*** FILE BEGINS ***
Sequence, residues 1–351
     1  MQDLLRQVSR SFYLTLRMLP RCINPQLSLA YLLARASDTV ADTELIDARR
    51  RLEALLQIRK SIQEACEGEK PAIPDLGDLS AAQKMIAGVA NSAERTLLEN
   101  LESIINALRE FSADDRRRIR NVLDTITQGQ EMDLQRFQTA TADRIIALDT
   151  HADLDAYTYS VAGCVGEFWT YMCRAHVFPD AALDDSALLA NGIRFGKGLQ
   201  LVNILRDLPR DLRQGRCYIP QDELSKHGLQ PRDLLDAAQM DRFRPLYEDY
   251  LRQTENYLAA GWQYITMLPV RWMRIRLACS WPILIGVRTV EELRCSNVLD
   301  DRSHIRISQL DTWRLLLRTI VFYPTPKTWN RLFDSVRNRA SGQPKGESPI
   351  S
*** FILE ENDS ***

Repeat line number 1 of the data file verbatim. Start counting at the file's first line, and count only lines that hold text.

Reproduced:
Sequence, residues 1–351